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Police were poorly equipped for Stockholm attack, officers say

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Police were poorly equipped for Stockholm attack, officers say
Photo: Claudio Bresciani/TT
20:06 CEST+02:00
Heavy-duty protective vests, helmets, and intercom were in short supply during the April 7 attack in central Stockholm, according to incident reports filed by officers working on the scene.
During the attack on Stockholm's Drottninggatan pedestrian street, police lacked crucial protective equipment, as well as appropriate training, officers have said in incident reports seen by Dagens Nyheter and Expressen.
 
Around 50 internal police reports have been submitted related to the April 7 attack, when a truck was driven down the Drottninggatan pedestrian street to later crash into the Åhléns department store, killing four people and injuring at least fifteen.
 
All Swedish police officers working in the field have access to light protective vests, but heavy-duty vests are shared among staff. During the attack, officers who were normally desk-bound were summoned to the field, meaning they lacked appropriate equipment.
 
"We simply could not equip that many police officers at the same time," Stockholm Police Union Health and Safety Officer Roger Östergren told TT news agency.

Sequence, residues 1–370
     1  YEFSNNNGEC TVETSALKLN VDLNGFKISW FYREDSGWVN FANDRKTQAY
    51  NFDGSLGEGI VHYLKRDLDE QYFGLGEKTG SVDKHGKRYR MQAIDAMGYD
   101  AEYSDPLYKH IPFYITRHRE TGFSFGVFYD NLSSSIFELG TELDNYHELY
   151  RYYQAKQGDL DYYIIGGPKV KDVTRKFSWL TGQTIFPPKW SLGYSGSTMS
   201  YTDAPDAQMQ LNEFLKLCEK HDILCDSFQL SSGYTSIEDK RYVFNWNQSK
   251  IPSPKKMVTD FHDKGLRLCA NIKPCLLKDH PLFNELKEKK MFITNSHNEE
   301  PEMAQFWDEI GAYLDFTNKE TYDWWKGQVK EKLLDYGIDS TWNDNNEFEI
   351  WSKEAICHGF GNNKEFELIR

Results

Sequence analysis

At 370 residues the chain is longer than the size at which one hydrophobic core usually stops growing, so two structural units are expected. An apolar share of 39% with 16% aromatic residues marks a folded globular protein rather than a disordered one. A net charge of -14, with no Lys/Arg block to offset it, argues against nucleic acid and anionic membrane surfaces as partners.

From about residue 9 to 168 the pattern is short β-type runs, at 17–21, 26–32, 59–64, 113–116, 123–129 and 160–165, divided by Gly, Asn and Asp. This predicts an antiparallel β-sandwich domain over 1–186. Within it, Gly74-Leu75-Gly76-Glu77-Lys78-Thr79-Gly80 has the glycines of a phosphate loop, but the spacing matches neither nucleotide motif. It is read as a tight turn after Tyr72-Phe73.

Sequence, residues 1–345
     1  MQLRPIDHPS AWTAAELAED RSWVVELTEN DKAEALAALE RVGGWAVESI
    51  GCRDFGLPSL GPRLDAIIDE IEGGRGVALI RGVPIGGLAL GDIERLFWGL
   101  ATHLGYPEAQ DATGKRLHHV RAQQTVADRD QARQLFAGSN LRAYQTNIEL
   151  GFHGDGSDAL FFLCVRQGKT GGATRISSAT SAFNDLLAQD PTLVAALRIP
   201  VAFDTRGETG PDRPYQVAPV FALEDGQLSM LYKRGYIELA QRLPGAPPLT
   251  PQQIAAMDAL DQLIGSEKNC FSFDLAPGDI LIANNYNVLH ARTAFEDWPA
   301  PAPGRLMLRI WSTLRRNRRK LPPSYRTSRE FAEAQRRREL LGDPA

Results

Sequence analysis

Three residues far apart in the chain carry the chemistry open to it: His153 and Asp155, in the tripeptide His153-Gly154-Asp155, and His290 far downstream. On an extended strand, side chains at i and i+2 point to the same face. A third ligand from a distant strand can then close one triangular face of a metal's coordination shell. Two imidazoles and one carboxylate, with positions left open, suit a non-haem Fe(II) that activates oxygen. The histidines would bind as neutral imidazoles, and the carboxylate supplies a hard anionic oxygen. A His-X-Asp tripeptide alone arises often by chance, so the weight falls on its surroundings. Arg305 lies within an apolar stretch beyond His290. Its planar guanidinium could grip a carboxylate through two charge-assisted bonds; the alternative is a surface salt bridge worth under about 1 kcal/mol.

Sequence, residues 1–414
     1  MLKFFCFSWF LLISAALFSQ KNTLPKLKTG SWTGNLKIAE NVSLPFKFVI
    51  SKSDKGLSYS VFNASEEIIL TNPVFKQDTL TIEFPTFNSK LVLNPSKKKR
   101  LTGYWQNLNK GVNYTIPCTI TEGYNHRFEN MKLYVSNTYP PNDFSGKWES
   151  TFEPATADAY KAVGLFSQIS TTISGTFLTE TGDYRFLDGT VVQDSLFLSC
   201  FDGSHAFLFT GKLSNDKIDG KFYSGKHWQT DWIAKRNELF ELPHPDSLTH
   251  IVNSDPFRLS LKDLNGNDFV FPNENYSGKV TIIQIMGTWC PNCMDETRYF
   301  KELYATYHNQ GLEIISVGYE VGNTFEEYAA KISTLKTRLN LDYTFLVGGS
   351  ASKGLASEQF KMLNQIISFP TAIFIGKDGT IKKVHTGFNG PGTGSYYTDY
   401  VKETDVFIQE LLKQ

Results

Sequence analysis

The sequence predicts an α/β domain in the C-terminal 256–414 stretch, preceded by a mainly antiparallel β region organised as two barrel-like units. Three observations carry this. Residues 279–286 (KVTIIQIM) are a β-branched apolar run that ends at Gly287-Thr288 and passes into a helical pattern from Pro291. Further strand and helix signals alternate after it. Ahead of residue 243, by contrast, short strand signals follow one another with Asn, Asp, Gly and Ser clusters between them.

Some officers also reported they were sent on surveillance missions carrying their standard service weapons because they had not been trained in using the MP5 submachine gun, which is used by Swedish police under extraordinary circumstances.
 
"My sense of being part of this mission was that those of us on patrol were gliding around as targets without reasonable possibility to protect ourselves or others," one officer wrote.
 
The Swedish police started acquiring more protective equipment in the wake of the attacks in France, Brussels and Copenhagen, according to Roger Östergren at the Stockholm Police Union.
 
"That's when they started to wake up. That's when they bought the protective equipment. But it wasn't enough," he told TT.
 
Östergren said, however, that the Police Union and the employer see eye to eye on the issue of providing officers with adequate equipment.
 
"But it's typical that something has to happen before they react, that there is no proactive thinking," he said.
 
Erik Widstrand, chief commanding officer during the attack, admitted to Dagens Nyheter it was possible there had not been enough protective gear for all officers in the field.
 
"It could turn out that during these exceptional circumstances there wasn't enough, which means we'll have to stock up based on this new experience. But during normal circumstances when we require heavy-duty helmets and vests, my understanding is that we have enough of it," Widstrand told Dagens Nyheter.
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